The age-old tradition of Russian bell ringing was in danger of being entirely forgotten during the Soviet era, when most of the traditional church bells were destroyed, and the activity was prohibited. But it managed to survive, and will be on display in a free concert at the San Francisco Public Library on Larkin Street this Saturday. Ringing the bells will be percussionist Victor Advienko, who plays a set of bells provided by Novato’s Blagovest Bells. Introducing the performance will be that company’s general manager, Mark Galperin, whose background is in both physics and the history of Russian bell ringing.
There’s more information about the concert at the San Francisco Public Library‘s website.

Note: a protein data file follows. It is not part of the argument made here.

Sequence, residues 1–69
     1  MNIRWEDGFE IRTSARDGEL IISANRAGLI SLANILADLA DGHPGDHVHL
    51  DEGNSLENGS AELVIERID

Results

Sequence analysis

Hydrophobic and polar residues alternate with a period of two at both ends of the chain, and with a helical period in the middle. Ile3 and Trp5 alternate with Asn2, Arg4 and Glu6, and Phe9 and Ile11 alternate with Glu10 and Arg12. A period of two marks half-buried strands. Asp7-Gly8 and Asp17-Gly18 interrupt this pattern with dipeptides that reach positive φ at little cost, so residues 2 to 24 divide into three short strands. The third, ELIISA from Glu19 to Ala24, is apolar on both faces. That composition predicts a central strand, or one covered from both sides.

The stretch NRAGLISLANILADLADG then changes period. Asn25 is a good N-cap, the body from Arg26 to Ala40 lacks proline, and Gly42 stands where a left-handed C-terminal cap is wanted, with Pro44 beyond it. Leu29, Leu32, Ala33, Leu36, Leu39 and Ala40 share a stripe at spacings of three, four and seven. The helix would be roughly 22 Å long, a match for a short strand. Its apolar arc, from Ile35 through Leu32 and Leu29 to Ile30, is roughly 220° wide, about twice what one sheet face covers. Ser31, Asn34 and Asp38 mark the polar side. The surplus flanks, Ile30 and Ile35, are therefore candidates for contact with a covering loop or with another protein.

Victor Avdienko says rather than picking up these bells, they’re mounted in place. “The difference with Russian bells is that the bells are fixed, and the clappers are all attached to a rope. So traditionally, you’d have up to 13 bells in a tower, and you can have all those ropes come to one person, and I’ll manipulate the ropes with either foot pedals or both hands.” The bells in church towers can be thousands of pounds, but this collection, a set of six on a stand, plus two flat bells or ‘bila’ that enable these concerts to take place away from the orthodox churches that have the bigger instruments. “The primary function of Russian bells is not melody, it’s rhythm,” Avdienko says. “So, it’s very similar to gamelan music, where the larger bells will be playing at a much slower rate, and then as they get smaller, the smallest ones play the real rhythmic interest in Russian bells.” Saturday’s concert will include both traditional peals, as well as improvisations. “It’s a relatively new thing now, especially in the United States. When I grew up, I grew up here in San Francisco, I’m a Russian Orthodox. I never knew about all these things. And as a percussionist, when I saw how it’s played, it’s like, OK, well that’s a new percussion instrument for me right now. It’s like a drum set. I can play all the ropes and all the feet, and it was pretty easy for me to figure out.” Avdienko’s association with Blagovest Bells began when he was performing a work by Shostakovich with the San Francisco Symphony, and needed to find a set of bells. “All roads pointed to Mark [Galperin], because he’s a real campanologist. He knows everything about bells from a physical aspect, because he was a physicist, and also all the spiritual aspects.”